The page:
I’m going to live life to the fullest!
A lack of energy and feeling a bit ‘out of sorts’ were the first indications Caeleigh Hancock wasn’t at her best
She imagined she might be low in iron or something minor which could easily be remedied by a visit to her GP. Caeleigh had never heard of Polycythemia Rubra Vera (PV) when she was diagnosed in 2012 at 40 years of age.
At first her doctor thought the lab had made a mistake as PV is a rare illness more commonly affecting older males. Unfortunately a second round of blood tests confirmed the diagnosis and Caeleigh was immediately referred to a haematologist.
PV is a Myeloproliferative Neoplasm; a rare chronic disease which has no cure and carries the risk of developing into acute leukaemia.
“At the time I could hardly even pronounce the name of the condition let alone work out what it would mean for me health wise,” Caeleigh said.
“I’d read all sorts of things on the Internet about PV and thought worse case I may only live for a couple of years.
“It was very confusing and a little scary for me and my family but we took a great amount of comfort from the support and information supplied by the Leukaemia Foundation. Through them I’ve been able to form a support network with other blood cancer patients and access advice like how to combat the debilitating fatigue.”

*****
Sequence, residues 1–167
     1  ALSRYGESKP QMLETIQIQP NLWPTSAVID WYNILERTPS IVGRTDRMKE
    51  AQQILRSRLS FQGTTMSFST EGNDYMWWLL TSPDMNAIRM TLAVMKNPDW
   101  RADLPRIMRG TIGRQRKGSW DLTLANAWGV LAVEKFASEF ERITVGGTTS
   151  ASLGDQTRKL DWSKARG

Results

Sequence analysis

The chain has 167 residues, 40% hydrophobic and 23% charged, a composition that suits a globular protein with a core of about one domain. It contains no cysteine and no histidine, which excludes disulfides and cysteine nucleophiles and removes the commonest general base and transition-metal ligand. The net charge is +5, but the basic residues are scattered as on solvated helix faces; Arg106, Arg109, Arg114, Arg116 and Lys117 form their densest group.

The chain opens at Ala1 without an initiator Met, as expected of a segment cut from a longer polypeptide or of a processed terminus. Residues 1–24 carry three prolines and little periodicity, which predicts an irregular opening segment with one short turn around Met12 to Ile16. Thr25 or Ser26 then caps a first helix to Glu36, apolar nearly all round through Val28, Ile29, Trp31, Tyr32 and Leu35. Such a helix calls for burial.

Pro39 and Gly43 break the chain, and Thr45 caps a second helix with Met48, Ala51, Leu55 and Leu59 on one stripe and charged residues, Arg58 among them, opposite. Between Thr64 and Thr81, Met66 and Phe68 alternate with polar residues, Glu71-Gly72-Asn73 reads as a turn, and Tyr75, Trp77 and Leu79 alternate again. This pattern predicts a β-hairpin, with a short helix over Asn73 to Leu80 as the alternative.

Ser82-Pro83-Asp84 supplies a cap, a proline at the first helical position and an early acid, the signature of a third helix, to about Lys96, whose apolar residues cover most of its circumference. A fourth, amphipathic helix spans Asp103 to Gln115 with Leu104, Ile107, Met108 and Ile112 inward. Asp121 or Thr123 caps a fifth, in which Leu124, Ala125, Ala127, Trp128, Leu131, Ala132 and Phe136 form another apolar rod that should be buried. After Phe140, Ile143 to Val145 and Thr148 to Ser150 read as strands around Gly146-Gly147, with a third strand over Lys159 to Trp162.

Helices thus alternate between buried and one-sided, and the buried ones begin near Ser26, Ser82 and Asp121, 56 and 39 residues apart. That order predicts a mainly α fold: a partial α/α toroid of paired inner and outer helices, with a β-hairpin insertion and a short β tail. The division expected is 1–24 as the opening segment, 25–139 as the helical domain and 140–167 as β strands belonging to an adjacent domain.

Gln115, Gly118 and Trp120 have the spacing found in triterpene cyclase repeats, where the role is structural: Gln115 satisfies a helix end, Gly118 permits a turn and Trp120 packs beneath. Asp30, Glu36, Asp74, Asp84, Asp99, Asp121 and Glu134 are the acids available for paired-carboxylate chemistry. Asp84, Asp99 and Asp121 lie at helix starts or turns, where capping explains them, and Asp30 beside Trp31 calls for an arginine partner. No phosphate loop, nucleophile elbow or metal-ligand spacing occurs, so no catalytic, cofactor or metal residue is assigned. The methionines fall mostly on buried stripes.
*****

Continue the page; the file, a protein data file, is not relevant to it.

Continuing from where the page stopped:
People with PV have a high red cell count that puts them at higher risk of a heart attack, stroke and thrombosis. It tends to be slowly progressive disease but there are treatments to reduce the risks. Some people with PV also have high white cell and platelet counts and Caeleigh is one of them. This requires regular checks of her blood counts and from time to time having blood taken out to bring her red cell count down. Caeleigh also takes a low dose of a chemotherapy drug called Hydroxy Urea to bring blood counts down and a low dose of aspirin to reduce the risk of clotting.
Often the personal sacrifices that come with a chronic disease can be just as challenging as the physical symptoms. For Caeleigh sports and athletics were a big part of her life and she’s now had to come to terms with giving up her goal of getting into Masters Sports at an elite level. She’s also had to give up a job she really loves due to the long hours.
“Having a rare illness, I sometimes feel misunderstood. I don’t like to complain publicly though because in the scheme of what other people have gone through it seems pretty inconsequential,” she said.
‘The good thing is that right now I’m still able to work and do some of the active things that I’ve always loved, like jogging and playing hockey. I just have to be careful not to overdo it.”